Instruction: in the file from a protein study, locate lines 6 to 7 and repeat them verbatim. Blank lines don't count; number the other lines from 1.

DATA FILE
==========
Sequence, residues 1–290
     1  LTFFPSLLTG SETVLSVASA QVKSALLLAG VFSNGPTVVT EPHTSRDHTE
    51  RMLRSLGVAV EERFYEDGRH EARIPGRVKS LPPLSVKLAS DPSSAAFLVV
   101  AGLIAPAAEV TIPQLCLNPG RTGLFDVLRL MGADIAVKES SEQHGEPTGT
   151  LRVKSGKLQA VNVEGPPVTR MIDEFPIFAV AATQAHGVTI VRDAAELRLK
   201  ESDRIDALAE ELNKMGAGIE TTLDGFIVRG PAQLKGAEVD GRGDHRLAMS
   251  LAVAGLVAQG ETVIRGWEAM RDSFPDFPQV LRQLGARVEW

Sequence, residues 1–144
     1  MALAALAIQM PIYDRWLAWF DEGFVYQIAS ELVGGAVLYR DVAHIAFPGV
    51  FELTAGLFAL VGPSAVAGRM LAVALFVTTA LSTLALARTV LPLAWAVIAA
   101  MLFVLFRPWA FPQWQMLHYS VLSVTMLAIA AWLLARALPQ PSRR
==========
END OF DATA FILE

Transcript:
   201  ESDRIDALAE ELNKMGAGIE TTLDGFIVRG PAQLKGAEVD GRGDHRLAMS
   251  LAVAGLVAQG ETVIRGWEAM RDSFPDFPQV LRQLGARVEW